Introduction: RNA aptamers are small RNA oligonucleotides that bind to molecular targets in a manner analogous to antibodies. Theoretically, RNA aptamers have an advantage over antibodies in that large numbers of aptamers can be selected, sequenced and synthesized inexpensively in the laboratory. Here, we report a novel strategy for generating human T regulatory cell (Treg)-specific RNA aptamers.


Human Treg-specific RNA aptamers were developed using whole cell systematic evolution of ligands by exponential enrichment (SELEX). Briefly, a diverse library of 2′fluoro-modified RNA sequences (∼1012) were transcribed from DNA templates containing random 20-mer regions flanked by SEL-2 specific constant sequences. Eight rounds of SELEX were conducted using mononuclear cells from a different donor for each round.

Cells were separated into Tregs (CD4+CD25high) and non-Treg CD4 cells (CD4+CD25low) by magnetic cell sorting using a CD4+CD25+ human Treg isolation kit. The aptamer library was pre-cleared using non-Treg CD4 cells. Unbound aptamers were incubated with Tregs from the same donor. Tregs were washed, lysed and Treg-associated aptamers amplified by RT-PCR with SEL2 primers, transcribed and prepared for the next round. Aptamers that bound to human Tregs were collected after each round and sequenced using Illumina-based high-throughput sequencing.


SELEX was used to successfully enrich for Treg-specific RNA aptamers. Between 2,800,000 and 3,900,000 aptamers were sequenced per round. The number of unique reads decreased from 3,391,279 (initial library) to 594,206 (round 8). At the end of SELEX, 36 unique sequences were found in >1000 copies per million reads. The prevalence of most of these aptamers went up with each round of SELEX. For example, the aptamer designated as Tr-6 was not detected in the unselected pool of aptamers, but 220 copies were found after round 2, 1631 after round 4, and 4832 after round 8. After all 8 rounds, the top 36 sequences represented 25% of the total aptamer population.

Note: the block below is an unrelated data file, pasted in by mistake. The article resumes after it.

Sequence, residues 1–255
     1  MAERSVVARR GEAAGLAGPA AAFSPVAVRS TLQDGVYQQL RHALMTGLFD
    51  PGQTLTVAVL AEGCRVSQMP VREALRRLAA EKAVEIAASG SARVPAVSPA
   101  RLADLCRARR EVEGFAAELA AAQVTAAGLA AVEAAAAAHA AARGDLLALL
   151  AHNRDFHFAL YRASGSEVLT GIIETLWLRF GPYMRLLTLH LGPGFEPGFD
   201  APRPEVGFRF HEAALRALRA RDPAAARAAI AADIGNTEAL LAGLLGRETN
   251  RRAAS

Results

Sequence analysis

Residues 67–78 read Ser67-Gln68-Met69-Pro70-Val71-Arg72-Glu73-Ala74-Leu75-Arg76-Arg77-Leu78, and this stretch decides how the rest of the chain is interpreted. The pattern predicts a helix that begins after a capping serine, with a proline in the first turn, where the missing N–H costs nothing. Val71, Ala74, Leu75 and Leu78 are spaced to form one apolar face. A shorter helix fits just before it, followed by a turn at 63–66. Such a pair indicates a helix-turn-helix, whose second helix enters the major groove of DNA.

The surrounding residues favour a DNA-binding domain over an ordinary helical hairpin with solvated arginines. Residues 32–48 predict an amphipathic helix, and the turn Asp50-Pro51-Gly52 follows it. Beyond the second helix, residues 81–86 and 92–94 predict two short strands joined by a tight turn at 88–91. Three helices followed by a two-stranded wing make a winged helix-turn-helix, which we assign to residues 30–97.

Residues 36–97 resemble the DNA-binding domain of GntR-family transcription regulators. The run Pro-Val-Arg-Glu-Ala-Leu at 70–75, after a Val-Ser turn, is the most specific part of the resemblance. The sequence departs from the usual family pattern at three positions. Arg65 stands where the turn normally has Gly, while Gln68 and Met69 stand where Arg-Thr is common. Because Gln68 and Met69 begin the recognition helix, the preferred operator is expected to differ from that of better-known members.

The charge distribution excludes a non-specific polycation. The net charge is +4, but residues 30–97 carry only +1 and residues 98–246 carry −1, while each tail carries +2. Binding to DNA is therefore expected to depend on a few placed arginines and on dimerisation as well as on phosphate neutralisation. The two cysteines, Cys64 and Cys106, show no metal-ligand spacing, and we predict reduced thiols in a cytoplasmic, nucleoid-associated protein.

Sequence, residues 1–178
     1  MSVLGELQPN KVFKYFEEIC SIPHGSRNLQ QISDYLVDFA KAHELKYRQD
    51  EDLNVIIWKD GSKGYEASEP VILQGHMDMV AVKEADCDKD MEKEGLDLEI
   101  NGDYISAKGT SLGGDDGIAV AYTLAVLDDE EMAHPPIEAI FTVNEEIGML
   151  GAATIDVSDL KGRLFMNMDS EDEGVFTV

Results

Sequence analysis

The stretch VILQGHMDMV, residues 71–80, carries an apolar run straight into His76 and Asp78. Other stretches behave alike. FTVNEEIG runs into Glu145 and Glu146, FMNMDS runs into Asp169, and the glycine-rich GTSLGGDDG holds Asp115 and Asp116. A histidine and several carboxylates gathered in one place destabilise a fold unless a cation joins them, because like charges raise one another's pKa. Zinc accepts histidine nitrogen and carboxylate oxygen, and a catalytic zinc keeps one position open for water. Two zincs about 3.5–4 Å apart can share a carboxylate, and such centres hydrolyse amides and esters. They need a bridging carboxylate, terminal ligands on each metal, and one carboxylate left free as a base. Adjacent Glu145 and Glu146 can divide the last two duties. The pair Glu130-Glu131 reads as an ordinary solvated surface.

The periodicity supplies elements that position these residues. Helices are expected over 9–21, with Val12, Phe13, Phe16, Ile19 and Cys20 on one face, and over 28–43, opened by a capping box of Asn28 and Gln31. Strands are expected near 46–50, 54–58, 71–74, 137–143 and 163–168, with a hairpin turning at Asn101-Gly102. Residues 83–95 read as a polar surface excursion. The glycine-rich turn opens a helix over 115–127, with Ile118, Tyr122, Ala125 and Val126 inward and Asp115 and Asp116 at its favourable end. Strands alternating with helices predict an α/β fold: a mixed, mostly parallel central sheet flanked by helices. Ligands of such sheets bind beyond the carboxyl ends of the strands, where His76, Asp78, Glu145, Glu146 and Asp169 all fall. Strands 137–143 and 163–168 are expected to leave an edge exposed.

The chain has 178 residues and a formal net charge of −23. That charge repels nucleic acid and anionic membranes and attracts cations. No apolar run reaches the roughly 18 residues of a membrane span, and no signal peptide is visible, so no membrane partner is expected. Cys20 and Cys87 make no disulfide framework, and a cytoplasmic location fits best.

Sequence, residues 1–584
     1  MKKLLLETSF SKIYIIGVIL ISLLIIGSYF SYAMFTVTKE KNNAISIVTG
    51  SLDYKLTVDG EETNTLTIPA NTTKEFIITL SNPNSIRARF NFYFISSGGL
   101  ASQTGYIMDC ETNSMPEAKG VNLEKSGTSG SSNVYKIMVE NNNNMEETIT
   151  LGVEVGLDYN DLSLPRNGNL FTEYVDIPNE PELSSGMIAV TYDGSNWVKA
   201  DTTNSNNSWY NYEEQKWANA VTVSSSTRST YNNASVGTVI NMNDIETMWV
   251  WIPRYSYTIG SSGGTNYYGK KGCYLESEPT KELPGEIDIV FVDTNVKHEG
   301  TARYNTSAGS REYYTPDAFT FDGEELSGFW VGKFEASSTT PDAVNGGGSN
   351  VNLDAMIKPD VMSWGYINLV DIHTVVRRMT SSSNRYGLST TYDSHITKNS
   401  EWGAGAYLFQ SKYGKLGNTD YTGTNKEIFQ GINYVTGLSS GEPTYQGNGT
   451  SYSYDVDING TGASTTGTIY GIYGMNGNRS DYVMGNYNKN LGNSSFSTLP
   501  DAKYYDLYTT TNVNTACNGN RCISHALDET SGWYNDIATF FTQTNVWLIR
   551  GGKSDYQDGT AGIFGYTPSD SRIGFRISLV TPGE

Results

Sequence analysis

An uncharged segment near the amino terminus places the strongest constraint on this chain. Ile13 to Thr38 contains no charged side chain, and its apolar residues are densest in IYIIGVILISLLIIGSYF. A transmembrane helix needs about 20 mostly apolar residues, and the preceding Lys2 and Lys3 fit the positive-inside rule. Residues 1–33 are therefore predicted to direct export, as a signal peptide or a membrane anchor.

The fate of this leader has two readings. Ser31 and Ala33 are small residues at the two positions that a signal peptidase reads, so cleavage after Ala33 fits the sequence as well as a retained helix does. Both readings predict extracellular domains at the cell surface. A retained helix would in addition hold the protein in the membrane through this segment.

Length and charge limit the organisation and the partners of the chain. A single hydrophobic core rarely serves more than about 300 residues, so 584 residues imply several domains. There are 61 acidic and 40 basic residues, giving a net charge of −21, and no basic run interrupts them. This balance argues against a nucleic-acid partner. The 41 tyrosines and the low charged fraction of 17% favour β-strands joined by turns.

Twenty-four aptamers were selected for further evaluation based on copy number, consistent enrichment after each round (indicating aptamers that bound to Tregs from each individual donor), bioinformatic properties that predict an aptamer with effective binding, and separation into different sequence and structure families, from which representative sequences were selected. Four aptamers have been tested for their ability to bind to Treg and CD4+ non-Tregs. All bind more extensively to Treg than to CD4+ non-Tregs.

Conclusion and future directions: A large number of human Treg-specific RNA aptamers was selected using whole cell SELEX. Ongoing studies are assessing the antigen specificity of the selected aptamers and whether they cross-react with Tregs from other species. The long term goal is to use these aptamers as in vitro diagnostic agents and therapeutically to reduce Treg activity, thereby enhancing the anti-tumor immune response.

Citation Format: Suresh Veeramani, Sue E. Blackwell, William H. Thiel, Paloma H. Giangrande, George J. Weiner. Generation of T regulatory-cell specific RNA aptamers. [abstract]. In: Proceedings of the 106th Annual Meeting of the American Association for Cancer Research; 2015 Apr 18-22; Philadelphia, PA. Philadelphia (PA): AACR; Cancer Res 2015;75(15 Suppl):Abstract nr 5022. doi:10.1158/1538-7445.AM2015-5022